Consumer Proposal

consumer proposal

 

A consumer proposal is a formal legally binding deal that you make with your creditors.

 

Let’s pretend you are deeply in debt. You can’t take out a bank loan, but you do have some stable source of income. Technically, you can make those payments to the dreaded creditors, but over a designated period of time.

If you have more than $5,000.00, but less than $250,000.00 in debt (excluding mortgage payments), you can qualify for what’s called a consumer proposal. If you’re filing jointly, you and your spouse must have a combined debt of less than $500,000.00. You also cannot have any previous proposals open. Even if you filed bankruptcy previously, you can qualify. In order to take advantage of this option, you must first contact a licensed trustee in bankruptcies, who will proceed to give you an assessment. The trustee will evaluate your debts, assets, income, family situation, and expenses. Once all that valuable information is gathered, it will be determined if this is the right solution for you. If not, the trustee may suggest a debt consolidation loan, credit counseling, a debt management plan, or personal bankruptcy.

Let’s say you are a viable candidate. Your beloved trustee will devise a plan, calculating how many months it should take to pay your creditors and the amount you pay per month. Then you must submit a claim to the creditors.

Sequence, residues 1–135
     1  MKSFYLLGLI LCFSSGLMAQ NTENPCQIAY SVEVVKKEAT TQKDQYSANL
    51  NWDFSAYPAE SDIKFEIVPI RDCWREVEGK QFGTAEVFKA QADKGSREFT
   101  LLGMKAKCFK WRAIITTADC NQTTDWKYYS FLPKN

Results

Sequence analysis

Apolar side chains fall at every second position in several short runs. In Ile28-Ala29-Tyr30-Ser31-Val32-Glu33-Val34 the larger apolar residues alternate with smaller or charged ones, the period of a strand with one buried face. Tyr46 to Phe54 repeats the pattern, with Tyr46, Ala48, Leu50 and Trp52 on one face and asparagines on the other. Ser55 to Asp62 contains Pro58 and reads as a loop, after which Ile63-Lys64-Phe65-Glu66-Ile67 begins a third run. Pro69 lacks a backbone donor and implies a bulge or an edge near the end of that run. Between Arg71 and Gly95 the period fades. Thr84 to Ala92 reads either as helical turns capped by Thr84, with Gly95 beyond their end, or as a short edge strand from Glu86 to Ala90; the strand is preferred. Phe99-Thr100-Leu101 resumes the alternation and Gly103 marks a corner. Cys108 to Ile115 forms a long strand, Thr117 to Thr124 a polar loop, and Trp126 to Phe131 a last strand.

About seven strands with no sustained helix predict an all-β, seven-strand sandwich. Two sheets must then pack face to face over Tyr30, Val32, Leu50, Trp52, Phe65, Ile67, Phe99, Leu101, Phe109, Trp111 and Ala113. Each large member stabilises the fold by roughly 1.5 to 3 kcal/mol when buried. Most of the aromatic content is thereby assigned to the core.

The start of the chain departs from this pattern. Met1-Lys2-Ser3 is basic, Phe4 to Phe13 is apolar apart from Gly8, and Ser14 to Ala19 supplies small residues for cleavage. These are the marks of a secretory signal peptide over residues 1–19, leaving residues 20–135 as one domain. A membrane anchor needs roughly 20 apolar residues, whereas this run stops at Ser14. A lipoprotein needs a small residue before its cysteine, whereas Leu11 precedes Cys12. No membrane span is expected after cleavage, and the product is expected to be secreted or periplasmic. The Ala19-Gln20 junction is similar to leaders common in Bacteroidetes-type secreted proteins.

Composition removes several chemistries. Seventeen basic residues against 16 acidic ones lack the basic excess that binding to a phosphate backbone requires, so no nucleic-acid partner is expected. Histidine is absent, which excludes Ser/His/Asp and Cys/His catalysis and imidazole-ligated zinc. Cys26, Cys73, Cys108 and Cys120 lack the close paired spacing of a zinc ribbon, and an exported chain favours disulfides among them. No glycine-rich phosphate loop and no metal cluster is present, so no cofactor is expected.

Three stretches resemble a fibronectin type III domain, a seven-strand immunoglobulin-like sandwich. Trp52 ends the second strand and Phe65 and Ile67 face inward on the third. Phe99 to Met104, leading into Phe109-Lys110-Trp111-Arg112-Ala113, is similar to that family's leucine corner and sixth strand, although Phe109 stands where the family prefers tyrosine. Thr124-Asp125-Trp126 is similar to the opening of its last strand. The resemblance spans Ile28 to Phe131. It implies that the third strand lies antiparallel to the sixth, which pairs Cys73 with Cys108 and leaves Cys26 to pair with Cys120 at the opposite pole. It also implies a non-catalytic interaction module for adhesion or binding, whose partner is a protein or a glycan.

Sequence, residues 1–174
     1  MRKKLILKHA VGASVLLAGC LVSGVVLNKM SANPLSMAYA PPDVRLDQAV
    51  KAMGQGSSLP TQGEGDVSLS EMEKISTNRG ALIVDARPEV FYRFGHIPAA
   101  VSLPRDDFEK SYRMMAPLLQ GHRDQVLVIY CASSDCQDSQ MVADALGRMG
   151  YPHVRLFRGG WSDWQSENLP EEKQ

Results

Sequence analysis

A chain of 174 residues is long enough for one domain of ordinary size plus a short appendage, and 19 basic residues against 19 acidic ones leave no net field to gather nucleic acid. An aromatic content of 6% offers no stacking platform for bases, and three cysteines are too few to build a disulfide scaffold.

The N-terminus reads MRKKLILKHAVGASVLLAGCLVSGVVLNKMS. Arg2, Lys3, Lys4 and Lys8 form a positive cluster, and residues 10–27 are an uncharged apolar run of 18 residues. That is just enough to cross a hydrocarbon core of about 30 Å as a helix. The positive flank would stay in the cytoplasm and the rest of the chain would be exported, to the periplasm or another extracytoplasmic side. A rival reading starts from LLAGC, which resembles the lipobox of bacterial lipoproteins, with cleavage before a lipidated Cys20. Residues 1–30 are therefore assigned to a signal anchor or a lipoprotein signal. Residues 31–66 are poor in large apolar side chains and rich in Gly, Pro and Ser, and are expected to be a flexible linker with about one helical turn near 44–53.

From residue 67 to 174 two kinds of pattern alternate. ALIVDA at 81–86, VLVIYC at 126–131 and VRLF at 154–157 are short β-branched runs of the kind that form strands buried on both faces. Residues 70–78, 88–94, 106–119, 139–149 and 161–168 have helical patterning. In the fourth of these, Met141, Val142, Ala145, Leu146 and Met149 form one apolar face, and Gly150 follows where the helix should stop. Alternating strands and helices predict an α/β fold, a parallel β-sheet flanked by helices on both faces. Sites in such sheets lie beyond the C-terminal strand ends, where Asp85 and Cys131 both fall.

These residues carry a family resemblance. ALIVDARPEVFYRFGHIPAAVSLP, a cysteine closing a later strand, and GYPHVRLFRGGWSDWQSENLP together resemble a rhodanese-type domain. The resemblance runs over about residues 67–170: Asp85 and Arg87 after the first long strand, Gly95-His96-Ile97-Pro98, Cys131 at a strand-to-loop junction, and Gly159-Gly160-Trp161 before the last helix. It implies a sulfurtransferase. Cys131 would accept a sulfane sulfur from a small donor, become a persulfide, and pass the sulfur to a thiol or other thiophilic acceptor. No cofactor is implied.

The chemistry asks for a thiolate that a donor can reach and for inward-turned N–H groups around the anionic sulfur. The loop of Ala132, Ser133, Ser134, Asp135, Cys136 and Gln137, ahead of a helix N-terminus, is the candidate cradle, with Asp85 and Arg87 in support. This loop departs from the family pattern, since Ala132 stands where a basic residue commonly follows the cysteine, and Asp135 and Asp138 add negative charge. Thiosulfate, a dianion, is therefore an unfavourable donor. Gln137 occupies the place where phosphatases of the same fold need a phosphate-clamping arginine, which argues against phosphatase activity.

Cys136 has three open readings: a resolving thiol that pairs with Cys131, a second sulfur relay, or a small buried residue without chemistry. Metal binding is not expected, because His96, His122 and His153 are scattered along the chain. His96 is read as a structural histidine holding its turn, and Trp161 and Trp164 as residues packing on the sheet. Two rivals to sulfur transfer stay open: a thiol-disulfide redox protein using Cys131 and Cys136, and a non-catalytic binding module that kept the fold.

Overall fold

Now, the creditors may or may not accept your claim. Sometimes they’ll accept it, but only under certain terms. The trustee will guide you through this process, warning you if the creditors ask for any unusual terms. You must beware of the fine print. Sometimes the creditors will only send you proof that they received the claim, while neglecting to accept or reject it. In the worst case scenario, they do nothing at all, neglecting to even send you a proof of claim. Nevertheless, under the Bankruptcy and Insolvency Act, the creditors have 45 days to come to a decision. Unfortunately, the trustee cannot vote on your behalf.

If there’s a 25% vote against your claim, your trustee is required to schedule a meeting of creditors. At this point, you will attend the meeting, which will determine if the majority (over 50%) of creditors can come to an agreement. Only two votes can be reached: acceptance or rejection.

Luckily, for the consumers, the creditors rarely ever reject their claims. After all, they’d rather get some money than nothing. In the best case scenario, the trustee can work out a deal, so that you only have to pay 50% of what you owe to these creditors. However, in a lot of cases, you may have to pay a greater amount.

Keep in mind that the proposal is to eliminate unsecured debt. Examples would be credit cards, personal loans, and incomes taxes. The proposals are not created to assist you with secured debt like mortgage payments and car loans. Please fill out free consultation form

 

Consumer proposal vs. Debt settlement